Rave Review – "The Writer’s Tale" by Russell T. Davies

It’s not often that I read a book I love so much I can’t put down. And I’ve never ever put one down and started blogging about it straightaway. But “The Writer’s Tale” by Russell T Davies (former front runner for Dr Who) is just so brilliant that I have to tell you about it. I’ve been dithering about getting hold of a copy for ages now. I knew I’d enjoy it but the £30 price tag has been a tad off putting (For goodness sake BBC, some of us struggle to fork out half that for a book). So yesterday, when I saw it in the library, I grabbed it with both hands. And have been pretty much reading it ever since.

I’ve blogged about the great RTD here, which gives you an insight into why I love his work so much. What makes “The Writer’s Tale” so special for me is that it is a treat for me both as a fan and as a writer. The book is basically a series of emails between Davies and the TV journalist Benjamin Cook. It begins by Cook asking whether Davies would be prepared to talk about how he writes an episode and quickly becomes the story of how The 2007 Christmas Special, and 2008 Series 4 are written. Seeing the ideas first form and change is absolutely fascinating. For several months Davies and Cook correspond about the new companion, Penny Carter, and then suddenly there is an option of Catherine Tate returning as Donna. Out goes Penny and Davies has to quickly think how/why Donna comes back, though using some of the same material. Only he and Cook ever know Penny existed and both are a little sad at the “demise” of this unwritten character. Yet when Series 4 is complete, Cook pays the ultimate compliment that Donna was way better than Penny would have ever been. (Interestingly enough the name stays as a journalist who gets caught up peripherally in the events of Episode 1).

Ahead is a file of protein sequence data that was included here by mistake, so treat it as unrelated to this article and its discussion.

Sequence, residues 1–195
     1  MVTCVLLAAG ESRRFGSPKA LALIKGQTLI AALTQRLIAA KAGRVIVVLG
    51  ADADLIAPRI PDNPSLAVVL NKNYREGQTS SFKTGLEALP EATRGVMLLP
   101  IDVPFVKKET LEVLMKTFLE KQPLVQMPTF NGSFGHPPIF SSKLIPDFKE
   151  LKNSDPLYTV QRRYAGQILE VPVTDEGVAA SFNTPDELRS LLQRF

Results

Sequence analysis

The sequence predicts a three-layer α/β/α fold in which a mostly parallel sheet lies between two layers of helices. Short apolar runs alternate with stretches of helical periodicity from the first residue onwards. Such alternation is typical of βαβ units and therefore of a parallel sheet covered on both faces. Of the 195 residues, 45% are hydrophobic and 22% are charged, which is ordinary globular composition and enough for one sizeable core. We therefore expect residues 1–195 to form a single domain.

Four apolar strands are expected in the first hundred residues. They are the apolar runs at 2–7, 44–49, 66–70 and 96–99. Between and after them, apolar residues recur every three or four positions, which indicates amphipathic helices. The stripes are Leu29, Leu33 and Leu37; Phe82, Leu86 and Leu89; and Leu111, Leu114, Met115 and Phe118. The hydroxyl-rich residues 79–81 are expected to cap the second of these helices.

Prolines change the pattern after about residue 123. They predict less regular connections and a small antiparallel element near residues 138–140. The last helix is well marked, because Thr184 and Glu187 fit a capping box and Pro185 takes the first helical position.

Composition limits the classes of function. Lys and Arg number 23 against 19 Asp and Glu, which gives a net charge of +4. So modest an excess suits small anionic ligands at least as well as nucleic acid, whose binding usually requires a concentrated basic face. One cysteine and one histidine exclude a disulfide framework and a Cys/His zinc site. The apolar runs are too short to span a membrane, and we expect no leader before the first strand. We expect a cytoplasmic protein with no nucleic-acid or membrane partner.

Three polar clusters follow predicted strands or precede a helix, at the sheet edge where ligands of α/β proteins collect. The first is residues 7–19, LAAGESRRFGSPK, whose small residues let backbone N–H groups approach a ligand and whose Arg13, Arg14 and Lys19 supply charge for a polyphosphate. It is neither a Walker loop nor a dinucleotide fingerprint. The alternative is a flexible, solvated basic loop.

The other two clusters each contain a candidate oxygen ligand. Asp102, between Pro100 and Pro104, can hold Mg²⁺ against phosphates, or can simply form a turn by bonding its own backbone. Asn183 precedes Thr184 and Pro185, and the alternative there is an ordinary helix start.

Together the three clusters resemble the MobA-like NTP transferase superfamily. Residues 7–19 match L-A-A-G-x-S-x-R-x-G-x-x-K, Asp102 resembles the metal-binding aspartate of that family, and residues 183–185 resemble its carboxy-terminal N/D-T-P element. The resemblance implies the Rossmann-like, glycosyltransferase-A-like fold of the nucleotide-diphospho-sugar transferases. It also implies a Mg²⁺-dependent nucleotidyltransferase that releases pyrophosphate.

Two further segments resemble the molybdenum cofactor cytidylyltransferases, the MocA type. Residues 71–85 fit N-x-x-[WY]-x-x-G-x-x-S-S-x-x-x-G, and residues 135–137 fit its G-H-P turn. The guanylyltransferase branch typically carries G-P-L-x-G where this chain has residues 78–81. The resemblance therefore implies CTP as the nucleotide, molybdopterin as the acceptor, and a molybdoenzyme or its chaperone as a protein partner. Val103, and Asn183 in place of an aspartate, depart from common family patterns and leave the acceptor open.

Similarly we see Davies struggle with narrative points in the Series Finale. Why will Donna have to leave the TARDIS? (He comes up with a brilliant solution).How does he get all the companions from various places to be with the Doctor at the end? how does he get Rose to go off with Doctor 2 without it undermining her first departure? This last one is particularly interesting as most viewers felt that it didn’t quite work. Davies is honest enough to realise he’d written himself into a corner when he’d come up with the idea of 2 Doctors and then made it central to the finale’s resolution. He writes and rewrites the scene, and though the final version is better than the first – it’s still a bit of a miss. But you have to admire him for trying.

The other thing that is interesting is how difficult he finds it to write. You’d think a writer of his stature and experience would find it easy. Yet  it seems like he flies by the seat of his pants every time, procrastinating all day and writing into the middle of the night, right up to the morning of production. That’s either depressing or encouraging to writers like me. I’m an optimist so I’ll take encouraging every time. And he’s honest and sometimes quite impossible, and arrogant, yet also deeply humble. In a very long email he completely dissects his own behaviour at the BBC launch of the Titanic episode and is disgusted with the false notes he plays. I find that very heartening and human.

Finally, I love this book because it ISN’T prescriptive. Davies cut his teeth in script writing years ago. He doesn’t need to be taught, because he’s worked out for himself there are natural pauses that make a 3 Act structure. I like the fact he kicks against us needing to read Robert McKie to write. I do love the Robert McKie book too and found it useful, but it’s refreshing to hear a successful writer say they’re not bound by it. The book ends with a quote about gaining your writing voice that sums it up perfectly:

Gaining a voice, whatever that is, comes with experience and practice – and the writing, again, is indivisible from the person. Your voice tends to be something that others  talk about, about you. It’s not something that you think about much yourself, and certainly not whilst writing. I never – never – sit here thinking, what’s my voice? You might as well ponder, who am I? It is, in fact, exactly the same thing. You can wonder your whole life and you’ll never get an answer to that.”

This is a great read – I hope your local library has a copy.

Advertisements

Leave a Reply

Fill in your details below or click an icon to log in:

WordPress.com Logo

You are commenting using your WordPress.com account. Log Out / Change )

Twitter picture

You are commenting using your Twitter account. Log Out / Change )

Facebook photo

You are commenting using your Facebook account. Log Out / Change )

Google+ photo

You are commenting using your Google+ account. Log Out / Change )

Connecting to %s